Also this week: social media vs. everything, stories behind the papers, Evolution is going to double-blind review, and more. Oh, and Edward Scissorhands as a barista.
Evolution is transitioning to mandatory double-blind review in January. I think it’s a worthwhile experiment. I like that they’re making double-blind mandatory, because otherwise people likely would opt out non-randomly, making it harder to learn from the experiment. I remain unsure it’s going to be an improvement over the status quo and slightly worried it might be worse, given that the status quo at at least some ecology & evolution journals is gender-neutral outcomes without double-blinding, and that blinding gets seen through pretty often and (crucially) non-randomly.
Stephen Heard on why you shouldn’t publish the reviews your papers receive. I particularly like Stephen’s depressing but probably-correct point that it won’t actually increase trust in the peer review system. This is one of those issues for which there are good arguments on both sides (see Stephen’s links and the very good comment thread for these). I lean towards Stephen’s side but it’s not a strong lean. It’s hard to judge what would happen if reviews were published on a wide scale without, you know, actually publishing them on a wide scale. You can’t learn all that much from journal-level experiments on this because of self-selection. Anybody who doesn’t like Nature Communications’ new policy of publishing reviews can just not review for them.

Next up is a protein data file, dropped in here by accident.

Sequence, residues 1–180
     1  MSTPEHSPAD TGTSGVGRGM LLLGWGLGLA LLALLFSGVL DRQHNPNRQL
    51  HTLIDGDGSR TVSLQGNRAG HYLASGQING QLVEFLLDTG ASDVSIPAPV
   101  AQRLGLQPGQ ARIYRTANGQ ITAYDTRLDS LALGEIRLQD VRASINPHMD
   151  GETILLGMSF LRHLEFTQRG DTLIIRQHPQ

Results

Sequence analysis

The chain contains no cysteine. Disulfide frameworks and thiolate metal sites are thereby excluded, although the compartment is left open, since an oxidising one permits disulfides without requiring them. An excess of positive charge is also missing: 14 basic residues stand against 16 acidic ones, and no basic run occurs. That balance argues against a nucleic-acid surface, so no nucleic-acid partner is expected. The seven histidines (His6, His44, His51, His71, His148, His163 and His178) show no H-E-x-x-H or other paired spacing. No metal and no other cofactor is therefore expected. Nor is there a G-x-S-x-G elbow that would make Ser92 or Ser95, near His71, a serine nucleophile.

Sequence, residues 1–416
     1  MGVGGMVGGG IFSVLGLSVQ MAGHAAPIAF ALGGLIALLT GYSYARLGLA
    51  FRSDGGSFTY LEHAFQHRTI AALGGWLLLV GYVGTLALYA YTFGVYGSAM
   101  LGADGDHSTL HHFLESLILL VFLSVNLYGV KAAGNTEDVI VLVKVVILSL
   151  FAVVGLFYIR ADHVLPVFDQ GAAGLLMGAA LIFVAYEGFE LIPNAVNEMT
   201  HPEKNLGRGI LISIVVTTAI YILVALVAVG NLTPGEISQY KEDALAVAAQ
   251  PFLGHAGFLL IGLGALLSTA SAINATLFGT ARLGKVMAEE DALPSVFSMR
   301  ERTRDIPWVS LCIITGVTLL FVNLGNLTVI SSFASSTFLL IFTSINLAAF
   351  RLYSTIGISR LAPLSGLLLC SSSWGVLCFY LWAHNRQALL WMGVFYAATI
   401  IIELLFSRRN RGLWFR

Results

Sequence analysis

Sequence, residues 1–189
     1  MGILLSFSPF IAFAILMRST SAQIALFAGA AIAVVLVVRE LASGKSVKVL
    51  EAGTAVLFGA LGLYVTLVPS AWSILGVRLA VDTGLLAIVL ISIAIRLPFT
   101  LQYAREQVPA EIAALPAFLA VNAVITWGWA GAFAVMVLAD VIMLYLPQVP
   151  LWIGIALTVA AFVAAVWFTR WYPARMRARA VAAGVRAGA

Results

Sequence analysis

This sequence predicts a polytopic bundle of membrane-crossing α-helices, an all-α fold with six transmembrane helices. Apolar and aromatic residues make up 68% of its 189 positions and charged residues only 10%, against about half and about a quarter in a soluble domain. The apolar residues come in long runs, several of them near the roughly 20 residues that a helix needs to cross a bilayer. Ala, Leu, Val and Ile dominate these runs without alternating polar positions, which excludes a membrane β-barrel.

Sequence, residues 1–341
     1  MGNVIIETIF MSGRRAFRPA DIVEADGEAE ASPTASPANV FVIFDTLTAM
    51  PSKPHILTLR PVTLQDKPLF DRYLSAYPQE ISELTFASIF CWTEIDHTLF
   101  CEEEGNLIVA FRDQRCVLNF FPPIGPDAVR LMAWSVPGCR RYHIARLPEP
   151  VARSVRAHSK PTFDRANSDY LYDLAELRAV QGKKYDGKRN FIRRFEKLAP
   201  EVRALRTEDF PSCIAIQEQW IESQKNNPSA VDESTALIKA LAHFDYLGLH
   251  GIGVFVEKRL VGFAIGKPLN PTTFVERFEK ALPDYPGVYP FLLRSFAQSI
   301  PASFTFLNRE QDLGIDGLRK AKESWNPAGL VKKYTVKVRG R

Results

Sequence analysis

Amy Parachnowitsch on whether social media is ruining everything. Good balanced post. A good example of why I don’t consider blogging to be social media, because I think blogging suffers less from some of the issues Amy identifies.
That viral tweet from 2014, predicting a 2016 Cubs-Indians World Series that would go to extra innings in game 7, is a prediction scam. Good fodder for an intro stats course or quantitative reasoning course. (UPDATE: The story has been corrected. Prediction scams are a thing. This particular example may have been a prediction scam, but that hasn’t been confirmed. I’d say the article is still useful fodder for an intro stats course. But now it’s also useful fodder for a journalism course. Thank you to a commenter for pointing out the correction.)
And finally, this week in Non-Scientific Humor Only Canadians Will Appreciate (ht @dandrezner):
I can only assume this coffee chain puts out its pumpkin spice lates around Christmas. 🙂
+1000 Internet Points for the best Tim Burtons/Tim Hortons joke in the comments. 🙂